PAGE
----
if both are equally deserving, because there is greater demand for instruction
      in Japanese.

      social values comparable in importance to market efficiency are at stake in
      choices about social
      welfare policy for the poor, why not forego the attempt to create a republic of
      virtue in this one
      domain? A pincer movement is formed by two considerations: (1) the massive
      actual irrelevance
      of fine-grained desert to the working of major institutions of our society, and
      (2) the massive
      difficulty of monitoring individuals’ fine-grained deservingness scores even on
      the assumption
      that we could coherently and nonarbitrarily assign weights to the various dimensions
      of deservingness so as to generate a single interpersonally comparable measure
      of individuals’
      overall desert. The pincers exerts pressure to forego the attempt to make the treatment
      of individuals responsive to desert a major consideration in social welfare
      policy directed
      toward poverty relief. This decision to downplay deservingness results from
      thinking through
      its nature and implications rather than from ignoring it.


    Three thoughts. First, if you subsidize irresponsible behavior, you will get more of it, and this also has negative implications for future generations, including the children of the irresponsible.

    Second, it is wrong to coerce people, at least in the absence of weighty consideration that justify doing so. On the conception (roughly) of “justice as desert,” forced redistribution in favor of the irresponsible does not pass this test. Righty, few people will willingly share their resources with the irresponsible, when there are deserving people in need.  Therefore, we should attempt to funnel respources to the “innocent” needy.  

    One way NOT to do this is to assign the task of poverty alleviation to a massive, central bureaucracy, whose officials have no contact with the recipients of aid. Before the welfare state, the needy received help through fraternal organizations, mutual aid socities and religious institutions. They knew the folks they were dealing with, and with scarce resources in hand, would demand that those receiving aid took reasonable steps to find work. I suggest we go back to the future here, and allow private organizations to compete for the right to administer our tax dollars based on the effectiveness of their programs.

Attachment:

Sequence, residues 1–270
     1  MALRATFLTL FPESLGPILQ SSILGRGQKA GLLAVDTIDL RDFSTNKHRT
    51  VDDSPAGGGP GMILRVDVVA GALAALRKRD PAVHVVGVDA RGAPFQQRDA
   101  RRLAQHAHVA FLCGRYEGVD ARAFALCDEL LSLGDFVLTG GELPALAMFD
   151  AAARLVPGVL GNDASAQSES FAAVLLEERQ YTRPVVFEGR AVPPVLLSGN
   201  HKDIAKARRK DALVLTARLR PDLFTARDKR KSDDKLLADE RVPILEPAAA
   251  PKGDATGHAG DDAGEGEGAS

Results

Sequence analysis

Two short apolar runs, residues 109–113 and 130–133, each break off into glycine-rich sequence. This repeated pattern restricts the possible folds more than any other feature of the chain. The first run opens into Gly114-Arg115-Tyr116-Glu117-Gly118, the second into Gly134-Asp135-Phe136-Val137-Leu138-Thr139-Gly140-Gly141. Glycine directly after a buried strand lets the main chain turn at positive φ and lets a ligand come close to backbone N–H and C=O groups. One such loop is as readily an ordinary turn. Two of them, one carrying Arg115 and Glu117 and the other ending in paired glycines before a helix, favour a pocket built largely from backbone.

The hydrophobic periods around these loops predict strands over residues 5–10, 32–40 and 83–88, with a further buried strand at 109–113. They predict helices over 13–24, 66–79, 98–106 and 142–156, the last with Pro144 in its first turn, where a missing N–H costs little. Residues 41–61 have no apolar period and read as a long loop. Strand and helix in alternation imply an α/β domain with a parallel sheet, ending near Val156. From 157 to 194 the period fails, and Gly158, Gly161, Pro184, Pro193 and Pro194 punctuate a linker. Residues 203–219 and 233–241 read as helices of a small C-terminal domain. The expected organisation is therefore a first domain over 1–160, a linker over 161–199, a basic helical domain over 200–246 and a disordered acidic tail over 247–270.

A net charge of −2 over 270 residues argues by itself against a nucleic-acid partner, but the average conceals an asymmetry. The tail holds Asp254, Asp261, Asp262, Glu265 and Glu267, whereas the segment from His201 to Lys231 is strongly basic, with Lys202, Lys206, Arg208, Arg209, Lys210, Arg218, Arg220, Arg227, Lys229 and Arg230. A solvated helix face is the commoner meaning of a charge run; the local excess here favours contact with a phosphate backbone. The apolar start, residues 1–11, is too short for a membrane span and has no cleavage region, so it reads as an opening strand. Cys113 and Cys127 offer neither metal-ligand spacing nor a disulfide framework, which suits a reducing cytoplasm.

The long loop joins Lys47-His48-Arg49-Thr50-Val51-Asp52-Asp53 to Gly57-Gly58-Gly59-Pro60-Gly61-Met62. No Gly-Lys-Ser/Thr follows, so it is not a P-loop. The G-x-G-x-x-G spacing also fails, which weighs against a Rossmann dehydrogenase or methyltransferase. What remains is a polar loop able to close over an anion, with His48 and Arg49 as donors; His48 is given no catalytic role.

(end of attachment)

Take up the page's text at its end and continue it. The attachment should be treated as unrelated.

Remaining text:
Finally, on the “cosmopolitan” conception of justice in vogue with the BHLs, virtually none of our taxpayer aid should go to domestic recipients, since their level of need cannot remotely compare to the needs of those starving to death or dying of easily preventable diseases in Africa and elsewhere. I disagree with this theory, but I think you should acknowledge it in the context of this discussion.

  • Damien S.

    “In a comparative sense, only a minority of the population can be poor –
    roughly 50% will be richer than average, and 50% poorer than average.”

    Sure, if you assume a bell curve like distribution, and not a pyramid or power law one.

    Say 50 people get $1/day, 25 people get $2/day, 24 people get $10/day, and 1 person gets $1000/day.  99% of the population will be below the mean average.

  • shemsky

    The problem I see is that you are trying to find the one single solution that accomplishes social justice. It can’t be done, Matt, because people just don’t agree on what that is. What one person views as social justice another views as injustice. I think this has a lot to do with why Americans are so divided and are becoming more and more hostile to each other’s views. We should agree to allow each person to act on their own conscience with regard to what they are going to do to help others that they have not harmed. That way the poor will be taken care of to the extent that other people view them as worthy of being taken care of and are willing to do so. I don’t see a better solution that doesn’t strike me as being the same mindset as religious fundamentalism. We might as well be trying to pick one religion to force on everyone.